Progress on BIG 1-02/IBCSG 27-02/NSABP B-37, a Prospective Randomized Trial Evaluating Chemotherapy after Local Therapy for Isolated Locoregional Recurrences of Breast Cancer ANNALS OF SURGICAL ONCOLOGY Wapnir, I. L., Aebi, S., Gelber, S., Anderson, S. J., Lang, I., Robidoux, A., Mamounas, E. P., Wolmark, N. 2008; 15 (11): 3227-3231


The utility of chemotherapy for women who experience a locoregional recurrence after primary treatment of early breast cancer remains an open question. An international collaborative trial is being conducted by the Breast International Group (BIG), the International Breast Cancer Study Group (IBCSG), and the National Surgical Adjuvant Breast and Bowel Project (NSABP) to determine the effectiveness of cytotoxic therapy for these patients, either alone or in addition to selective use of hormonal therapy and trastuzumab.The trial population includes women who have had a previous diagnosis of invasive breast cancer treated by mastectomy or breast-conserving surgery, but subsequently develop an isolated local and/or regional ipsilateral invasive recurrence. Excision of all macroscopic tumor without evidence of systemic disease is required for study entry. Patients are randomized to receive chemotherapy or no chemotherapy; type of chemotherapy is not protocol-specified. Radiation, hormonal therapy, and trastuzumab are given as appropriate. The primary endpoint is disease-free survival (DFS). Quality-of-life measurements are collected at baseline, and then at 9 and 12 months. The accrual goal is 977 patients.This report describes the characteristics of the first 99 patients. Sites of recurrence at study entry were: breast (56%), mastectomy scar/chest wall (35%), and regional lymph nodes (9%). Two-thirds of patients have estrogen-receptor-positive recurrences.This is the only trial actively investigating the question of "adjuvant" chemotherapy in locally recurrent breast cancer. The case mix of accrual to date indicates a broad representation of this patient population.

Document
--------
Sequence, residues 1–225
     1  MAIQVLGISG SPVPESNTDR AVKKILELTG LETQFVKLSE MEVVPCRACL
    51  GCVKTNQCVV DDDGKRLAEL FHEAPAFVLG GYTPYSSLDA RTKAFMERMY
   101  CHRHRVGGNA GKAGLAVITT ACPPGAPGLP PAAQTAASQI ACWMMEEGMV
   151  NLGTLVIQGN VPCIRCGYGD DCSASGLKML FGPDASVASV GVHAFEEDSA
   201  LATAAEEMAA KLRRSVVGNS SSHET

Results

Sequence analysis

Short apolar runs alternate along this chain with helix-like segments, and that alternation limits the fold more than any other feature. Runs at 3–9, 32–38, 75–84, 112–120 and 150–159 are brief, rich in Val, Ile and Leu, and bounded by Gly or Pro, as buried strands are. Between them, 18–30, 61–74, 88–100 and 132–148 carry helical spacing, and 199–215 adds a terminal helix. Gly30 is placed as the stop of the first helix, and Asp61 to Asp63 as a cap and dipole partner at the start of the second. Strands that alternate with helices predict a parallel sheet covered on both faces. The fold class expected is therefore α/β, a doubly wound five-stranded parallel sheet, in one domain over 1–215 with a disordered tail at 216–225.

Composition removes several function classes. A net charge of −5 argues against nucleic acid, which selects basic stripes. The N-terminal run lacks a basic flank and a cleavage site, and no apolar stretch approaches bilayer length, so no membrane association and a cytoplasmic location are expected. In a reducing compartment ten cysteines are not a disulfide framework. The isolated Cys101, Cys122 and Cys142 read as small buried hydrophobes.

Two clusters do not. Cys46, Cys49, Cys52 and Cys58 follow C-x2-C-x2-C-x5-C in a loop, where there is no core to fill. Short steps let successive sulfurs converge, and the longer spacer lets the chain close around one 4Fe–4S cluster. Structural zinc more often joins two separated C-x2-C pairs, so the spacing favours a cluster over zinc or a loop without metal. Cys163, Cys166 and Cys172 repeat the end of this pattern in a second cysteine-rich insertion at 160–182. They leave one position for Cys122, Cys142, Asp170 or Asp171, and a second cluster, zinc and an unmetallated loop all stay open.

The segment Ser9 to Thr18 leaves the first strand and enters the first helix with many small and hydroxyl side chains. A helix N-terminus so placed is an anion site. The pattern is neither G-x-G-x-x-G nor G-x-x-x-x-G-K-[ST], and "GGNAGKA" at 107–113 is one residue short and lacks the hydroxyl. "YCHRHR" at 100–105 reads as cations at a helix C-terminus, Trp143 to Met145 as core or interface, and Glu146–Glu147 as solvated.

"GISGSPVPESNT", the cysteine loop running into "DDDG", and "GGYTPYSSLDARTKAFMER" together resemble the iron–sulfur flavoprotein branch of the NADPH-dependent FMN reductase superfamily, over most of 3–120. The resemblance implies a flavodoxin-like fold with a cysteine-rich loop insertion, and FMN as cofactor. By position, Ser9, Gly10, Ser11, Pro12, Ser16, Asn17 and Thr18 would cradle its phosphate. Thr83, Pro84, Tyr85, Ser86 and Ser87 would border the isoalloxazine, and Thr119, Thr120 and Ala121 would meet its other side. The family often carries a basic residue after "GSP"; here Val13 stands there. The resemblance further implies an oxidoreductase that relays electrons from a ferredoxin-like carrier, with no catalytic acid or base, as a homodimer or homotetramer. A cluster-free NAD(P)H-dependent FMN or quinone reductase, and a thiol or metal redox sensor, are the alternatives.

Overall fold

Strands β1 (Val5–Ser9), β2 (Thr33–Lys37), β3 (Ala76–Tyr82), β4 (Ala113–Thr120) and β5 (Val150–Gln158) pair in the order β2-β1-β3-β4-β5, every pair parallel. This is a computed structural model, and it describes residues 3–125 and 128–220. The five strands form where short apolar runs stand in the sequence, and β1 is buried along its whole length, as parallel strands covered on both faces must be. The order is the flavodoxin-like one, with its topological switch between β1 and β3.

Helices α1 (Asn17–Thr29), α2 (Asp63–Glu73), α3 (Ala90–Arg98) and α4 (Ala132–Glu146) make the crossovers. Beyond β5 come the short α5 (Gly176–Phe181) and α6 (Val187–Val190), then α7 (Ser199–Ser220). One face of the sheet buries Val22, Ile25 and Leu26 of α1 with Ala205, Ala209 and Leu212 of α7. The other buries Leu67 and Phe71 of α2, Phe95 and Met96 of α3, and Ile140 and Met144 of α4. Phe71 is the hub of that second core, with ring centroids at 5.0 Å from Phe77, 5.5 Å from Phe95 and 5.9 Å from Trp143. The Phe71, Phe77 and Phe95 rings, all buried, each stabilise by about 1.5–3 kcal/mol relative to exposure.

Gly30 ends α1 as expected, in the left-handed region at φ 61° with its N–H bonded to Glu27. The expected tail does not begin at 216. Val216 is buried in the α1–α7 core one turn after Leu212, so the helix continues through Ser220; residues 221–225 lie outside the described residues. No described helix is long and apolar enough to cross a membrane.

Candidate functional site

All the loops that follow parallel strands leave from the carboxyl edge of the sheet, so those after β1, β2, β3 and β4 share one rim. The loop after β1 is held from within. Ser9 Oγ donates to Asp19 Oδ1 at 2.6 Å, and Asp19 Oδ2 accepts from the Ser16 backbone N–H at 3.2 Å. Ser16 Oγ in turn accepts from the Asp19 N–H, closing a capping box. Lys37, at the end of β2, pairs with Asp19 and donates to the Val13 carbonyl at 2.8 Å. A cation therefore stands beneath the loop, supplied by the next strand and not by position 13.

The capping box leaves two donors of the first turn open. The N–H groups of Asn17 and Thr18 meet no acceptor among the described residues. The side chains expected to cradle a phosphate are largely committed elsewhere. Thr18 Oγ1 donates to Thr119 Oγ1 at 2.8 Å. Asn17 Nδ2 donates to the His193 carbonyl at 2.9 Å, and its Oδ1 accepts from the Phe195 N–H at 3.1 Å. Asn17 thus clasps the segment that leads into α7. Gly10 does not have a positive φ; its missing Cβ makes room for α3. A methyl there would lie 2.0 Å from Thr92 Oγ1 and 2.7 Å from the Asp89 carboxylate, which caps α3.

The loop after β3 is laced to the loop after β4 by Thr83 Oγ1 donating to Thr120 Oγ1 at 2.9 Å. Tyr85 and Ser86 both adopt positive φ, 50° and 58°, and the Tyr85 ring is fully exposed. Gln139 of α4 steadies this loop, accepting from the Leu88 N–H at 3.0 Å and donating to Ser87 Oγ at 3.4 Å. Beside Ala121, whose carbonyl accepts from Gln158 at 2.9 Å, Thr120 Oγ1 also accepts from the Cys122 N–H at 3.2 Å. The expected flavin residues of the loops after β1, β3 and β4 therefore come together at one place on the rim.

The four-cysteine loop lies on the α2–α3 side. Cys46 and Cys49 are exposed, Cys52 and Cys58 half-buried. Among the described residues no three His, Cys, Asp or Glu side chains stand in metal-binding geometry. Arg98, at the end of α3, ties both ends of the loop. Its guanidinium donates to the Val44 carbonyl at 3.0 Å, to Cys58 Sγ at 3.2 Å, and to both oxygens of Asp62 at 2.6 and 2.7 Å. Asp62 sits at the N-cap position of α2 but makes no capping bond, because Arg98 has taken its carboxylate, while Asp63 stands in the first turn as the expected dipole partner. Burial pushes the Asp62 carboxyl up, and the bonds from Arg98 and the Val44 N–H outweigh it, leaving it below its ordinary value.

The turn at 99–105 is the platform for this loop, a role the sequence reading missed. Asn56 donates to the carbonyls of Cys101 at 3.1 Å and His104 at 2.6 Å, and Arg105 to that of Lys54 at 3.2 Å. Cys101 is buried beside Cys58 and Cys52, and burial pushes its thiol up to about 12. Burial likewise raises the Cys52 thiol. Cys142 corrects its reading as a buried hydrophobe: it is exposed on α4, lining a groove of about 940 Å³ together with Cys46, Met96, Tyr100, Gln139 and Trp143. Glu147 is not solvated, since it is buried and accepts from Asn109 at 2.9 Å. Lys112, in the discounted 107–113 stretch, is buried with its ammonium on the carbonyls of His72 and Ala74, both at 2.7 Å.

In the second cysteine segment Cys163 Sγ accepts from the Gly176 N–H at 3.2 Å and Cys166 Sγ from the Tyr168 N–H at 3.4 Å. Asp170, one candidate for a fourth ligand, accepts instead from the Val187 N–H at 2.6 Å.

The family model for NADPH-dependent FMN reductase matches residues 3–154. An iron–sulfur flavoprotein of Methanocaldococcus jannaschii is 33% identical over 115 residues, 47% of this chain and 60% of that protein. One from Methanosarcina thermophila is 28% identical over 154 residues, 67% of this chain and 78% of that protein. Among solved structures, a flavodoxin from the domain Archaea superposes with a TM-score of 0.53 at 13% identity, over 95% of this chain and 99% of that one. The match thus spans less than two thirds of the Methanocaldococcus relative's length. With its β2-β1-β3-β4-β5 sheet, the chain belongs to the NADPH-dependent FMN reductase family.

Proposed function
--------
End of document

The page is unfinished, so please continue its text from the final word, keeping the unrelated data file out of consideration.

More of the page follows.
View details for DOI 10.1245/s10434-008-0129-2

View details for Web of Science ID 000260509400033

View details for PubMedID 18784962

View details for PubMedCentralID PMC2576492